Denver to Step Up Its Transit Game

Recent studies find that central Denver is still woefully underserved when it comes to transit accessibility. On the table are streetscape improvements to make life easier for pedestrians and transit riders.

1 minute read

July 5, 2017, 10:00 AM PDT

By Philip Rojc @PhilipRojc


Arina P Habich / Shutterstock

While suburban areas have been increasingly provided for, the city of Denver's transit situation isn't what it should be. "Redundant bus routes and too many stops, and the lack of dedicated transit lanes, results in frustratingly slow service that's more competitive with walking than driving."

The political will is there to make central Denver more transit-friendly. "With the 2017 General Obligation Bond up for a vote this fall, Mayor Michael Hancock has signalled his willingness to devote $370 million to creating transit-friendly streetscapes. Bringing more resources to expanded city transit will likely require additional funding measures after 2017."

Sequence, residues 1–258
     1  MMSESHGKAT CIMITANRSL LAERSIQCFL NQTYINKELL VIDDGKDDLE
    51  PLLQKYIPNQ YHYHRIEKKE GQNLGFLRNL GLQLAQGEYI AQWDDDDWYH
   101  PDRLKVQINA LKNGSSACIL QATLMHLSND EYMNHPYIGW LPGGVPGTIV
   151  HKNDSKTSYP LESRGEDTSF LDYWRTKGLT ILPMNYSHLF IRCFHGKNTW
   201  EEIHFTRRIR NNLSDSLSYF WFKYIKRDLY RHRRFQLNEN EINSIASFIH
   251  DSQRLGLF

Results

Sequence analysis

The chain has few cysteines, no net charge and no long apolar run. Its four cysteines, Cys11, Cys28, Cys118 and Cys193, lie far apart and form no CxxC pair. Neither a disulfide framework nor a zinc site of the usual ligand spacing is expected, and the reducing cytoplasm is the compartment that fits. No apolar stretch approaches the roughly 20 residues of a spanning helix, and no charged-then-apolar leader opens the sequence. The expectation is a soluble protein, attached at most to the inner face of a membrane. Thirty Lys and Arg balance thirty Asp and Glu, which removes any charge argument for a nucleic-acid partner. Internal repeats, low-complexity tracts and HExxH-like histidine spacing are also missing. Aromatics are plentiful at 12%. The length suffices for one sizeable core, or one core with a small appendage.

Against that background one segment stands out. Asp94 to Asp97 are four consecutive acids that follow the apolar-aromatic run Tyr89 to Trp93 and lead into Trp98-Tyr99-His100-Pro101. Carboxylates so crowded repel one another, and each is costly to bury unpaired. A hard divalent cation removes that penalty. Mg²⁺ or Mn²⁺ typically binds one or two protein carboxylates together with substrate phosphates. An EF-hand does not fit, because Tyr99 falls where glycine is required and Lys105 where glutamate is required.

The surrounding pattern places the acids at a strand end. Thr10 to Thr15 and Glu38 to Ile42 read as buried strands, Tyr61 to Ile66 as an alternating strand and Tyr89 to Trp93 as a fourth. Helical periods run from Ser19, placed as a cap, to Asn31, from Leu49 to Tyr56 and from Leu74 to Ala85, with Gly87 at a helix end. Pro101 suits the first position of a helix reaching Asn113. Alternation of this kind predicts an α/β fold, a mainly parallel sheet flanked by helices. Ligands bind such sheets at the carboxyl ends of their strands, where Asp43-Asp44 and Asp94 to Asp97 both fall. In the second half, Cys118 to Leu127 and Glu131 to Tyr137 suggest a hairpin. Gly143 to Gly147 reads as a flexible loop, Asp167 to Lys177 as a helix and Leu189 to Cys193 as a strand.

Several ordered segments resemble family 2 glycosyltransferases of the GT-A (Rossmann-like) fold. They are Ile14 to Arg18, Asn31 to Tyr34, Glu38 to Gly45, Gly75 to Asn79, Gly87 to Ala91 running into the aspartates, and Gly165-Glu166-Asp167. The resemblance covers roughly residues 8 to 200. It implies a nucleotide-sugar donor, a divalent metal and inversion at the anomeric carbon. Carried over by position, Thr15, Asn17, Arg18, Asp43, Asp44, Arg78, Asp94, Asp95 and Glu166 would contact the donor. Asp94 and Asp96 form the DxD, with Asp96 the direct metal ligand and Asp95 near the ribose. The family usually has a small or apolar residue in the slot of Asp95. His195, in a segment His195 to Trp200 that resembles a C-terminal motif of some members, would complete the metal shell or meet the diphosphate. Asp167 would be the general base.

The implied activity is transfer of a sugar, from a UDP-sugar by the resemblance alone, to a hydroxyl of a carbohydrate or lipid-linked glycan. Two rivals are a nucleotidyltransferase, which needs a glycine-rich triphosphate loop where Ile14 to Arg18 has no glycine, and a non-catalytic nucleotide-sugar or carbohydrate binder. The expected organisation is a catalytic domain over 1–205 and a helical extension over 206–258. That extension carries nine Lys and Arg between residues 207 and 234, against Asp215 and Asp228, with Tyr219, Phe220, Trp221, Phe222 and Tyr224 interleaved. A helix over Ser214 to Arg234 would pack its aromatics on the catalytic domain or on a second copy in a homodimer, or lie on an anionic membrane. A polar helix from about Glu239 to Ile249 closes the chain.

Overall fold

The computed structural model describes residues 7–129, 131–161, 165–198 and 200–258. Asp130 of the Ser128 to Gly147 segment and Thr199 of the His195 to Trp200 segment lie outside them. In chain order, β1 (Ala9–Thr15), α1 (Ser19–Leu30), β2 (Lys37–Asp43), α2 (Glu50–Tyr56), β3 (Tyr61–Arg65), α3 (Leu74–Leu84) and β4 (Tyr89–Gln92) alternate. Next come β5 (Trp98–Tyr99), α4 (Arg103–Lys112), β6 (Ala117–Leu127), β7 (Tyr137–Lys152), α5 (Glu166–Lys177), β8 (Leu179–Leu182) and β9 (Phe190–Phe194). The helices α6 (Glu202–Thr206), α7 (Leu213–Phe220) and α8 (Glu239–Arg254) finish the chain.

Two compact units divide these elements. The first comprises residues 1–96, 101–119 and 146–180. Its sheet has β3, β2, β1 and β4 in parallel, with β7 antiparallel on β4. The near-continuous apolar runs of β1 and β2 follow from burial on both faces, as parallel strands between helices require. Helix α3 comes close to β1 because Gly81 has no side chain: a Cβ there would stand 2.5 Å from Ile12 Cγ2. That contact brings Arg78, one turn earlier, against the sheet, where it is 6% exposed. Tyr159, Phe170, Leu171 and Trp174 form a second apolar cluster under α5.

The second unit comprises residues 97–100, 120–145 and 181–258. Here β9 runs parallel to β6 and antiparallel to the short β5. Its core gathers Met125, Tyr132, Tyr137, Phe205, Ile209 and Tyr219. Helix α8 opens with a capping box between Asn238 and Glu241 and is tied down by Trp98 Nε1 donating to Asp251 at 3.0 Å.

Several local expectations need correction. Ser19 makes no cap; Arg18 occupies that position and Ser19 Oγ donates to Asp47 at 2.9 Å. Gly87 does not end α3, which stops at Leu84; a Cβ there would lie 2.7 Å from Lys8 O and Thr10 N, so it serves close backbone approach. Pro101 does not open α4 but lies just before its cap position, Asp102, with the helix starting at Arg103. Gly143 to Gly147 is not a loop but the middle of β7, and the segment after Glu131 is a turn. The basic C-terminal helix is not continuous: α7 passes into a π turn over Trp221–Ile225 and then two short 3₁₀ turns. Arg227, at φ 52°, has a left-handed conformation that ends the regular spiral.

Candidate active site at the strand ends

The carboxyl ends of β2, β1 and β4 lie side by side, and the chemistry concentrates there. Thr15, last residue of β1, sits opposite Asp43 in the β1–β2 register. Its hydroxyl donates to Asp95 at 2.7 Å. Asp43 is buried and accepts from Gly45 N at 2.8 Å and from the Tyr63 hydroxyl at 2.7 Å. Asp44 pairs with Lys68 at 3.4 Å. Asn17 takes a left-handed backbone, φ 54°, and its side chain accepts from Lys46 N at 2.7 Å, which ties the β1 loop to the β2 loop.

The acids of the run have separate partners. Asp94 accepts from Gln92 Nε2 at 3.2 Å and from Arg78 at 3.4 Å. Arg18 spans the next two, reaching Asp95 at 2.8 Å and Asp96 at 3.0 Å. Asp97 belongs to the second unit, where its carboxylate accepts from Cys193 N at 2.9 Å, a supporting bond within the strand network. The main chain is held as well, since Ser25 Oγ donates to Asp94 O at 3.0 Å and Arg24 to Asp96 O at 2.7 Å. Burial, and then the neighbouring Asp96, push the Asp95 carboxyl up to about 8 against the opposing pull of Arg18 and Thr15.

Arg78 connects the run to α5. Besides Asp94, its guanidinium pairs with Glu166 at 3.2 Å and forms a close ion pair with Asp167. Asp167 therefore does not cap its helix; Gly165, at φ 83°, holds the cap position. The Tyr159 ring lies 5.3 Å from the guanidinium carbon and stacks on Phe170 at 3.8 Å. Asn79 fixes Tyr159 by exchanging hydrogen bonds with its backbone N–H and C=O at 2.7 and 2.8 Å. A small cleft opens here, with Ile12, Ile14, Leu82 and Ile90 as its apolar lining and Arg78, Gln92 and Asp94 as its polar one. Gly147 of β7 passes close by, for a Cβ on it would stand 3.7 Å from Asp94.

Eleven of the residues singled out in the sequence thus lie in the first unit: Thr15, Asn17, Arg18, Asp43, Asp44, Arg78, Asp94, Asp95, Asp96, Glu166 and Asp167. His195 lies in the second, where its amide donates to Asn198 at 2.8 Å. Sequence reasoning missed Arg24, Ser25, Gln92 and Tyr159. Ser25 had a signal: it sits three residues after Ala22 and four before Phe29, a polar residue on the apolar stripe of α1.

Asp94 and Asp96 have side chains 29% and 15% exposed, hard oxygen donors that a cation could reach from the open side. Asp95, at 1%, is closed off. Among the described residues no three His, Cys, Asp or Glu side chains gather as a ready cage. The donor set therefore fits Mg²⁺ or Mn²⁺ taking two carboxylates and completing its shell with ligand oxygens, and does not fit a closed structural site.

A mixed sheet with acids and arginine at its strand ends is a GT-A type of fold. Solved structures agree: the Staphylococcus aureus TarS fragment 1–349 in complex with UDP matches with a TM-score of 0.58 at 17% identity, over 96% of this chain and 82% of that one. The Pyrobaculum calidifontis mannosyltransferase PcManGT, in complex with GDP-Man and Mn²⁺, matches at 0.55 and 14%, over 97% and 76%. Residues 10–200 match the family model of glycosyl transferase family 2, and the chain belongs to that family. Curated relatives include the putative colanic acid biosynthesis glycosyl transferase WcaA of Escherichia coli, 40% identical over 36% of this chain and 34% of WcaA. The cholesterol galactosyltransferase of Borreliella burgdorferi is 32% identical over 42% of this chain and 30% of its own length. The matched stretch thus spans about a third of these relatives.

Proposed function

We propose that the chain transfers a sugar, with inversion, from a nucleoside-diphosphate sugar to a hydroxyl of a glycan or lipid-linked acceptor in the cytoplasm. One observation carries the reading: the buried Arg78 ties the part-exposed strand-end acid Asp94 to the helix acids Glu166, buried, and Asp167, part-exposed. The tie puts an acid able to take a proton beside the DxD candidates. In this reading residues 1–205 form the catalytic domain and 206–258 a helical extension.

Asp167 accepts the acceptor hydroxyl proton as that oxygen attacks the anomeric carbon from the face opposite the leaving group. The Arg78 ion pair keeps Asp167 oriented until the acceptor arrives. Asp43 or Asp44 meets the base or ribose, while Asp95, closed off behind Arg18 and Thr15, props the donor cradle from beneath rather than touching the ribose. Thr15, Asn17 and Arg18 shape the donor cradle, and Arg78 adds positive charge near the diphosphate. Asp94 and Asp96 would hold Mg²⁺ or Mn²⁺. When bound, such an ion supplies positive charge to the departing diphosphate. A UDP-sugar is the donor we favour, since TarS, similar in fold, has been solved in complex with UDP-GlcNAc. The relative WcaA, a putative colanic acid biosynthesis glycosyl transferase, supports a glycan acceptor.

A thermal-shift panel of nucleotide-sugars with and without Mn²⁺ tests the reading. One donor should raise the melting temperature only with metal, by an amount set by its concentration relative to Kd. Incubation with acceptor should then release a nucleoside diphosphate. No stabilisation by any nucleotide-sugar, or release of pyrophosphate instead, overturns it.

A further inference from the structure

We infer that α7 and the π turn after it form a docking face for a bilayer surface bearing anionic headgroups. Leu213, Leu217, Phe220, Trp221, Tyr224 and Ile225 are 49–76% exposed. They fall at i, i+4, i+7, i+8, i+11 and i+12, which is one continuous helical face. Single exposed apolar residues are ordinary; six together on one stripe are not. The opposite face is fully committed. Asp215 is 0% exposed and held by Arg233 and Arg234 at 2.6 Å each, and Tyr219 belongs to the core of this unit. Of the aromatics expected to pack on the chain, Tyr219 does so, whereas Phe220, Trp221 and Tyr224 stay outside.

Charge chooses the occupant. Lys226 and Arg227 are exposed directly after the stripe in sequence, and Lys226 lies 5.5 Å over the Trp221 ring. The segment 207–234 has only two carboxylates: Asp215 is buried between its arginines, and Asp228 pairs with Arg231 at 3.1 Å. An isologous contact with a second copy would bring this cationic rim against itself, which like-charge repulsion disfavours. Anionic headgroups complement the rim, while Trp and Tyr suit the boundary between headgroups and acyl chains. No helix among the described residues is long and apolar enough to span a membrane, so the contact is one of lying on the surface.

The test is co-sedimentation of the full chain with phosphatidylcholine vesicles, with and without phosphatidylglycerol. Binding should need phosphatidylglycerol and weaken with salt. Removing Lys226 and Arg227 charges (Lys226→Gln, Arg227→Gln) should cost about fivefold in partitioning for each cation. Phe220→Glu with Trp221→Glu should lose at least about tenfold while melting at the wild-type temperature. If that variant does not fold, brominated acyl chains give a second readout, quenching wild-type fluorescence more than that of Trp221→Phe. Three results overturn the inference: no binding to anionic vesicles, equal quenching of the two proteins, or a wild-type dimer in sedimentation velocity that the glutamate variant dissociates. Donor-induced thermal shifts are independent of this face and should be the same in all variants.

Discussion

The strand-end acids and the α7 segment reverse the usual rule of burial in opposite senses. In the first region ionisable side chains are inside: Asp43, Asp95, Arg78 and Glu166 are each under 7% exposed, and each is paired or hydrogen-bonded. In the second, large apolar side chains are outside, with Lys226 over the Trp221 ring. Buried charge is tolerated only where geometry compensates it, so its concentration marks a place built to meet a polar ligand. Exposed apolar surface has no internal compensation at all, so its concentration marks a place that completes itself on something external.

Suggested fixes include street-level improvements to aid pedestrians, as well as reworking routes and frequencies. "The Denver Moves transit plan recently completed a citywide transit needs study. The findings weren't surprising: pedestrian access to transit stations is lacking, bus frequency falls off a cliff outside of peak hours, many routes are indirect and illegible, and merely a quarter of bus stops feature basic shelters."

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